Succession planning: Beyond the why

By Sean McDonald

Succession planning – it’s probably something that you’ve heard tossed around in conversations and in management meetings.  The concept of succession planning is being talked about a lot lately.  There’s a very good reason for this: there will be quite a few baby-boomer CEOs and other credit union Executives who will retire in the next 5-10 years, if not before.

Therefore, credit unions are having to develop written plans that identify the steps that will be taken when these retirements occur.  But pending retirements shouldn’t be the only reason for credit unions to engage in the succession planning process.  Indeed, besides retirement, there are several other reasons such as key executives leaving the credit union for a job opportunity elsewhere, key executives being terminated or, in nicer terms, “separated from the organization,” etc.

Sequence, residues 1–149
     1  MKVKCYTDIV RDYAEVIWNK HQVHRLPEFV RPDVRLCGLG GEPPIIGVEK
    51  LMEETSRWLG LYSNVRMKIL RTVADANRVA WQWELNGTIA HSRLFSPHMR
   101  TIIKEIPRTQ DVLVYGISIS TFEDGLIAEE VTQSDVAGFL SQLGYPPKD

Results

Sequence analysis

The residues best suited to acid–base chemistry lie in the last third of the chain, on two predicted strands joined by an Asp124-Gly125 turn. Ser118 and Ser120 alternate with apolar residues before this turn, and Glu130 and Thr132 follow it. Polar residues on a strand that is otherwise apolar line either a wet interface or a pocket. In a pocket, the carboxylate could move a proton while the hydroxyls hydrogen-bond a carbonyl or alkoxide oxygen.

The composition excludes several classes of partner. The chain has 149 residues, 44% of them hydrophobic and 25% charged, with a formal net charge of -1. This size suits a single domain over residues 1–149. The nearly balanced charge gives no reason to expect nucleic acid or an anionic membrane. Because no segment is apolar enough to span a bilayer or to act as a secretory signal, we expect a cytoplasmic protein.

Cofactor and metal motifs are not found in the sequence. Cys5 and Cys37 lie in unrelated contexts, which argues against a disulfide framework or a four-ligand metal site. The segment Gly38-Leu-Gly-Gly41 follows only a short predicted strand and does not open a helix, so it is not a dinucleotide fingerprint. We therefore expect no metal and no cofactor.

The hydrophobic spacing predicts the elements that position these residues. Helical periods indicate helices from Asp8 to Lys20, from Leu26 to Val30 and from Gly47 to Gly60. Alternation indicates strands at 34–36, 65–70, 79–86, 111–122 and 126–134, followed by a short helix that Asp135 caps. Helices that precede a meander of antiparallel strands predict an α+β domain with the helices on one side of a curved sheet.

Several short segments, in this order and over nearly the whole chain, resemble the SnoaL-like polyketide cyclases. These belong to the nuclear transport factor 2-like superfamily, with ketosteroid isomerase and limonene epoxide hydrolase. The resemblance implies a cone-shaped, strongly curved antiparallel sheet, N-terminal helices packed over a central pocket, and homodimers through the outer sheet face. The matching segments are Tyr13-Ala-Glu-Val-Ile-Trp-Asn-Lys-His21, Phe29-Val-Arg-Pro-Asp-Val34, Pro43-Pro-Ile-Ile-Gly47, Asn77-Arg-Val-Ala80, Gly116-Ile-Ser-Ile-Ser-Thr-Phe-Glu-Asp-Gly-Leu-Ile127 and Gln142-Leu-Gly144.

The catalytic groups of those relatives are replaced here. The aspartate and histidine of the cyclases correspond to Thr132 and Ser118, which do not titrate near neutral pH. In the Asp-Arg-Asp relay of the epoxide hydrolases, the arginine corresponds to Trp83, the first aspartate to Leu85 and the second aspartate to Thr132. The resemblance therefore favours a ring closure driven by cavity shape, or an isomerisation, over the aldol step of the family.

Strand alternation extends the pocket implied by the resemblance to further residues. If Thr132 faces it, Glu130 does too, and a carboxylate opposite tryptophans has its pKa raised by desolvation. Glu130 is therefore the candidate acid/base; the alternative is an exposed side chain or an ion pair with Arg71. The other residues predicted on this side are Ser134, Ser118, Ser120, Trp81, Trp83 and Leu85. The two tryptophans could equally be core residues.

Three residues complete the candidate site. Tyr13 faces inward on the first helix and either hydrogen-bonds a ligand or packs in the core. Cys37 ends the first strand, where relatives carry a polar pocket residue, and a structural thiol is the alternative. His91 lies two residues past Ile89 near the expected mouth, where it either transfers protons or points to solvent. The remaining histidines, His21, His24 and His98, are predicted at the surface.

You’ve probably noticed by now that I am not just talking about the CEO here.  That’e because, for most credit unions, succession planning should go deeper than the CEO.  What happens if your CFO leaves? How about your COO or VP of Marketing?  The titles aren’t the most important thing to consider – it’s the function that matters.  Think of them as your TOP financial officer, your TOP marketing employee, your TOP business development employee, or your TOP IT employee.  That will help you determine the positions for which you should have a succession plan.

Succession planning doesn’t have to be complicated.  Essentially, it involves 5 steps that you can easily remember by using the acronym H.E.L.L.O.

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